What happens to the ones forgotten

the ones who shaped my heart from their rib cages

i want to taste the tears in their names

trace their souls into my vocal chords so that i can feel related again

because i have forgotten my own grandparents middle names

Forgotten what color thread god used to sew me together with


There is a culture

Somewhere beneath my skin that i’ve been searching for since i landed here

But it’s hard to feel sometimes

Because at Stanford we are innovative

the city of Macintosh breeds thinkers of tomorrow

and i have forgotten how to remember


But our roots cannot remember themselves

Cannot remember how to dance if we don’t chant for them

And will not sing unless we are listening

but our tongues feel too foreign in our own mouths

we donʻt dare speak out loud

and we, cant even remember our own parents names

so who will care to remember mine if i dont teach them


i want to teach my future children

how to spell family with my middle name- Heolimeleikalnai

how to hold love with Kamakawiwo’ole

how to taste culture in the Kumulipo


do not forget me

my father


who could not forget his own


do not forget whatʻs left

cuz this is all we have

and you wont find our roots online


We have no dances or chants if we have no history

just rants

no roots

just tears

this is all i have of our family history

and now its yours


ʻO Maʻalolaninui ke kāne ʻo Lonokaumakahiki ka wahine

Noho pū lāua a hānau ia ʻo Imaikalani he Kāne

ʻO Imaikalani ke kāne ʻo Kekoʻokalani ka wahine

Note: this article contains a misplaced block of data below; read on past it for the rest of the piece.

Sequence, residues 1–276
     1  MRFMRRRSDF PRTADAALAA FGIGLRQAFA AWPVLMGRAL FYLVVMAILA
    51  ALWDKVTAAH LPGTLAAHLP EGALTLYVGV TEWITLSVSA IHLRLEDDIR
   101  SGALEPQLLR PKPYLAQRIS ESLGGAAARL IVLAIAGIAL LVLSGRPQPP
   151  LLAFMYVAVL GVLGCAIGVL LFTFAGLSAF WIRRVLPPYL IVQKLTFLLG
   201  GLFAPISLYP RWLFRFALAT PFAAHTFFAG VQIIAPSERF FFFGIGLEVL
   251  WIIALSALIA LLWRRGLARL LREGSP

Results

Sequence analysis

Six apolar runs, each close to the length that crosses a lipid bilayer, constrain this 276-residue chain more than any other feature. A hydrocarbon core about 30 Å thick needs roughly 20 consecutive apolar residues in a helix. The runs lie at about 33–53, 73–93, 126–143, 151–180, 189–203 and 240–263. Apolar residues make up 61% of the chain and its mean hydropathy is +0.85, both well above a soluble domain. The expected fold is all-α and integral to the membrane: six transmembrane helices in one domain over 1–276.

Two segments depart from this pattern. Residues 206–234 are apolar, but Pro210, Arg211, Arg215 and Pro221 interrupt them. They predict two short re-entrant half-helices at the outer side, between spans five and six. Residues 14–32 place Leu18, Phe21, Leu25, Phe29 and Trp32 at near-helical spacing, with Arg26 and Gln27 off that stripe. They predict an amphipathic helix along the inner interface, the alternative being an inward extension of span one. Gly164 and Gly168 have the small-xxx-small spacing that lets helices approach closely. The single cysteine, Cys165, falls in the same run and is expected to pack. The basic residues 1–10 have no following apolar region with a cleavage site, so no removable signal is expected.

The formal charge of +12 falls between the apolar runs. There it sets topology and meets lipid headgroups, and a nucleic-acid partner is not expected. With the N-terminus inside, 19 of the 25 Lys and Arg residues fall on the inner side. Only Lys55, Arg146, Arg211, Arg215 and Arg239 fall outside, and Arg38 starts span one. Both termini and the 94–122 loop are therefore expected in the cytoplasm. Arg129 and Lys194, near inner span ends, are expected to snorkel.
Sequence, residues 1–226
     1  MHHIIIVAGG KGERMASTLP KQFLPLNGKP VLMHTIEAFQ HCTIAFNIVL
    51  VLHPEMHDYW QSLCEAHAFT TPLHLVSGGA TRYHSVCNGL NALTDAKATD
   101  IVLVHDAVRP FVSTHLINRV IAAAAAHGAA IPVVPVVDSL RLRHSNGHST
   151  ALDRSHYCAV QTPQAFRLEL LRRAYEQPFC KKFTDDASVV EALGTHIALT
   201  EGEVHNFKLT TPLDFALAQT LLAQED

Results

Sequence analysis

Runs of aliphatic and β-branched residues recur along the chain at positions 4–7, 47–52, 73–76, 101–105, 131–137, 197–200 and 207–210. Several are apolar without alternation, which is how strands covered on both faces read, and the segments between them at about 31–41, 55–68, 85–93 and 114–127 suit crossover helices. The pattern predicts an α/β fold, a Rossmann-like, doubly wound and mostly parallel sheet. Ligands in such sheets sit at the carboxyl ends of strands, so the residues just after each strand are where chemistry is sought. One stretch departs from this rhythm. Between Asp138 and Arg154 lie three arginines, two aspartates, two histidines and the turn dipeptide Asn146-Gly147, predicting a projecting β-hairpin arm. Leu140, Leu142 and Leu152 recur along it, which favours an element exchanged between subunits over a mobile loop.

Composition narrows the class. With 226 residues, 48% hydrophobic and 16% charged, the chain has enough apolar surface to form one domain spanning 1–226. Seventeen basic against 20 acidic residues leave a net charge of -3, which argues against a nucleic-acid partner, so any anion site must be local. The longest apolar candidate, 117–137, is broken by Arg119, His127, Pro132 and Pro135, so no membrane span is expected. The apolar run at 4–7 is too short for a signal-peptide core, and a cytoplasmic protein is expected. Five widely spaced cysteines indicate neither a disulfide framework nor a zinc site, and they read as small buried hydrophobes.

Noho pū lāua a hānau ia ʻo Paʻaluhi Kahinuonalani he kāne

ʻO Paʻaluhi Kahinuonalani ke kāneʻo Piʻipiʻi Kealiʻiwaiwaiʻole ka wahine

Noho pū lāua a hānau iāʻo Charles Moses Kamakawiwoʻole ʻo Kamehameha ke kane

ʻO Hainaloa ke kāne ʻo Niau ka wahine

Noho pū lāua a hāneu ia ʻo Kaluaihonolulu ka wahine

ʻO Kaluaihonolulu ka wahine ʻo Nakoʻoka ke kāne

Noho pū lāua a hānau ia ʻo Kapahu he wahine

ʻO Kapahu ka wahine ʻo Kua ke kāne

Noho pū lāua a hānau ia ʻo Daisy Kealiʻiʻaiawaawa he wahine [Koholālele]

ʻO Charles Moses KamakawiwoʻoleʻoKamehameha ke kāne ʻo Daisy Kealiʻiaiʻawaʻawa ka wahine

Noho pū lāua a hānau ia ʻo Eliza Leialoha Kamakawiwoʻole he wahine [Kukuihaele]

ʻO Eliza Leialoha Kamakawiwoʻole ka wahine ʻo Emil Montero Osorio ke kāne [Hilo]

Noho pū lāua a hānau ʻia ʻo Elroy Thomas Leialoha Osorio he kāne

ʻO Manūawai ke kāne ʻo Keao ka wahine [South Kona & Kohala]
Noho pū lāua a hānau ia ʻo Sarah Piʻikea Papanui he wahine

ʻO Sarah Piʻikea Papanui ka wahine ʻo Kam Sheong AKIONA ke kāne
Noho pū lāua a hānau ia ʻo Nani Kaluahine Kimoe Akiona he wahine

ʻO Nani Kaluahine Kimoe Akiona ka wahine ʻo LeRoy Adam Anthony KAY ke kāne
Noho pū lāua a hānau ia ʻo Clara Kuʻulei Kay he Wahine

ʻO Elroy Thomas Leialoha Osorio ke kāne ʻo Clara Kuʻulei Kay ka wahine

Noho pū lāua a hānau ia ʻo Jonathan Kay Kamakawiwoʻole Osorio he Kāne

ʻO Jonathan Kay Kamakawiwoʻole Osorio ke kāne ʻo Mary Carol Dunn ka wahine

Noho pū lāua a Hānau ia ʻo Jamaica Heolimeleikalani Osorio


do not forget us

mai poina





One thought on “Kumulipo

  1. Her name is spelled wrong the first time it appears in the poem, at the end it says “lnai” when it should say “lani”.

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